“You didn’t deserve any of what I said. I was just - just mad and upset, and I took it out on you, which isn’t okay - could never be okay.” Her arms were moving at an increasing pace as she became more desperate for him to hear all she had to say. “I know none of what’s going on is your fault. You were being so kind to me and the cafe, but I just-”
“ Marinette!” Adrien shouted. He gripped hold of her wrists so her arms would stop flailing. “Marinette. I quit.”
The words registered slowly in Marinette’s head, arms still trapped in Adrien’s hold.
“You...what?” she asked, perplexed.
He laughed, eyes crinkling at her bemused expression. “I quit,” he stated simply. “I don’t work for my dad anymore. I’m no longer an Agreste model.” He frowned, “Well, I mean, I’m still an Agreste, so if I were to get modelling jobs somewhere else, then technically I could still be called-”
“You quit,” Marinette cut in. She couldn’t comprehend it. Nothing he was saying made any sense. He’d been working with his dad since as long as Marinette could remember, and she’d wanted to talk to him purposely to tell him not to quit. She couldn’t have him throwing everything away just because she had a little outburst. But he was just grinning .
“I sure did, princess.”
“But - Adrien no!” she cried, going to move her arms in distress but finding them still locked in place by his grip. She frowned, but continued, “I was going to tell you that I was being an idiot. Completely stupid and selfish. You didn’t need to do this for me! Now you’re out of a job, and you’re bound to have upset your father, and - and-” She grasped for something more to say, but there were just so many emotions going through her that she could barely organise them in her mind, let alone out-loud.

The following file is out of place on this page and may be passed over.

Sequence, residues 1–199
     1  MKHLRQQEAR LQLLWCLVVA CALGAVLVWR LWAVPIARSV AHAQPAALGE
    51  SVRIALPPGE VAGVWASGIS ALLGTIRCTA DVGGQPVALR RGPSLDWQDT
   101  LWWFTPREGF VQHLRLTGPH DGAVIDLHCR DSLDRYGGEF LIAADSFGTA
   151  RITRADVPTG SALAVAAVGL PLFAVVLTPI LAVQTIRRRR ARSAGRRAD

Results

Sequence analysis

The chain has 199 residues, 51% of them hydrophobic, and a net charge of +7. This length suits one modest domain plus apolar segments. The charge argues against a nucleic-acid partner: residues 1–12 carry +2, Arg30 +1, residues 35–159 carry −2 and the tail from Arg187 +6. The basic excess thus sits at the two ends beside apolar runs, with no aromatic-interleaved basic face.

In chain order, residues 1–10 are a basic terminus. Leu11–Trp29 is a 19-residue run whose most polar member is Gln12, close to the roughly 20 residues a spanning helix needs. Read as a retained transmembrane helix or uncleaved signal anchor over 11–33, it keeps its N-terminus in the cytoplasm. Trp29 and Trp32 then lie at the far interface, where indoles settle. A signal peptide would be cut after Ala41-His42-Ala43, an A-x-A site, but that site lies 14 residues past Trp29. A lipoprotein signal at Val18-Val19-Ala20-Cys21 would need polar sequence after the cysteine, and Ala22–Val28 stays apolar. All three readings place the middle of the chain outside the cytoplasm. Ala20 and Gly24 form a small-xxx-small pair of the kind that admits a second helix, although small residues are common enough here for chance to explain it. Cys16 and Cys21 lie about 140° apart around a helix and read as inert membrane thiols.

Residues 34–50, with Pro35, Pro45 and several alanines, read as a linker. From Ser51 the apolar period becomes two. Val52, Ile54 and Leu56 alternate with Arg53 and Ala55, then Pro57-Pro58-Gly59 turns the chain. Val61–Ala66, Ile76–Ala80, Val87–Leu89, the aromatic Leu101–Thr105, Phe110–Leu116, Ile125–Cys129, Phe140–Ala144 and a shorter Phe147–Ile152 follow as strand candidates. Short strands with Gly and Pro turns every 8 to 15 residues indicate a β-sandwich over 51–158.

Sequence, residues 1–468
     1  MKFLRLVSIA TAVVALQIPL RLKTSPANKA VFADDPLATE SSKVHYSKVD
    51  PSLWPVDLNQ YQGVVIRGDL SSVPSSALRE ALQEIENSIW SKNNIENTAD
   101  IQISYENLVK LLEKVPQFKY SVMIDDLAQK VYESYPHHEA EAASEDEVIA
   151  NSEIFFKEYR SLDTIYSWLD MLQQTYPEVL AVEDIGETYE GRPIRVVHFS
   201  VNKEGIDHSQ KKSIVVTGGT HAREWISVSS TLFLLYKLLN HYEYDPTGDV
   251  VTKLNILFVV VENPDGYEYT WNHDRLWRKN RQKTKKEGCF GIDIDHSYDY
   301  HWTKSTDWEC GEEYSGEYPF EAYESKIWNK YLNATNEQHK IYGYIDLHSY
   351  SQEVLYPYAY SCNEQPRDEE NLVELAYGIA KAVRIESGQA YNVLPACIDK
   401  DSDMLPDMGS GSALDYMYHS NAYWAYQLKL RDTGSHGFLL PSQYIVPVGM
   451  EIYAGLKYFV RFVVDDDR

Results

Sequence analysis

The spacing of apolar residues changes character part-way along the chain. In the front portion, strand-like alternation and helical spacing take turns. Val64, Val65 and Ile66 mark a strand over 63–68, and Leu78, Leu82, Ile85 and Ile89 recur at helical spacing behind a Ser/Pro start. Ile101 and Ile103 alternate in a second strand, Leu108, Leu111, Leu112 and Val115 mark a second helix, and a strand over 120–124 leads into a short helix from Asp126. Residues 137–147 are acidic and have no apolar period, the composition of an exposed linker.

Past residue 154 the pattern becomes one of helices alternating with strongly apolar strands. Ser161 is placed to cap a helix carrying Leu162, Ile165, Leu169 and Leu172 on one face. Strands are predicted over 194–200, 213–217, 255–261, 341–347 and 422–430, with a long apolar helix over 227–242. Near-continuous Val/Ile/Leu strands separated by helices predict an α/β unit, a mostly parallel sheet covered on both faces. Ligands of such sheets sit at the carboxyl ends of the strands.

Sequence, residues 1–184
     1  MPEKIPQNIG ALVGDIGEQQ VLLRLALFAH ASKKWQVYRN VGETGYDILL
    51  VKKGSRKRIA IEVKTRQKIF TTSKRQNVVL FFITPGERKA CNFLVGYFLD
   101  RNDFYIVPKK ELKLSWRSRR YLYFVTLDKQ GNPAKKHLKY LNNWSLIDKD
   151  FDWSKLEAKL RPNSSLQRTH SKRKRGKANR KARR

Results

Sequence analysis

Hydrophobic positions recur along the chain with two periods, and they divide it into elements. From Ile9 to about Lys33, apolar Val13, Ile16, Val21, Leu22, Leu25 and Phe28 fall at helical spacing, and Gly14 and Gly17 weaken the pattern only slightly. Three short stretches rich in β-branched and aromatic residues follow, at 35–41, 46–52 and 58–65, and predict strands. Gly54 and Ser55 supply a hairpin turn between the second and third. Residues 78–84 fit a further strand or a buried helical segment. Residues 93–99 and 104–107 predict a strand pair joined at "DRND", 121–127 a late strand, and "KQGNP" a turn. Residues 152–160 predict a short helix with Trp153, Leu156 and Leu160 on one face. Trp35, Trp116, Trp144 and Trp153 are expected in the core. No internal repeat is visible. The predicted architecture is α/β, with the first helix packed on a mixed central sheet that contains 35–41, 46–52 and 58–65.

Adrien smiled softly, letting her words trail off before he brought her arms down between them, still holding onto her wrists. “Mari, everything you said was right. No, just wait okay?” he asked when she tried to speak. “You were completely honest when you said those things to me, I could see it. And yeah, sure, it didn’t make me feel too good at the time, but guess what?” She stared at him, disbelievingly. She wanted to stick up for him, tell him that she was wrong, but he just kept smiling. “Right now, I feel the best I’ve felt since I was a kid.”
She narrowed her eyes. Looking him up and down, she couldn’t catch any hint of a lie, exactly, but she was finding it incredibly difficult to accept his sudden change in heart. Only, had it really been so sudden? She thought back to when they were children, Adrien bemoaning the fact he couldn’t hang out with Nino because he was needed at a shoot. Or when they’d reunited that fateful evening, and Adrien hadn’t even questioned her before contradicting his father. His enthusiasm to help stop Gabriel in the cafe, his willingness to go along with her stupid dating plan.
“Are you getting it now?” he asked, hopeful. “I realised that I didn’t want to keep working for a man like that. I don’t care if he’s my dad or just some guy, Mari. What he’s doing isn’t right. I didn’t quit for you, even if I’m glad we can be fully on the same team now. I quit because you helped me see what is right. So will you stop looking at me like that?”
Marinette blinked, realising her mouth had opened slightly as he spoke, eyes growing wide.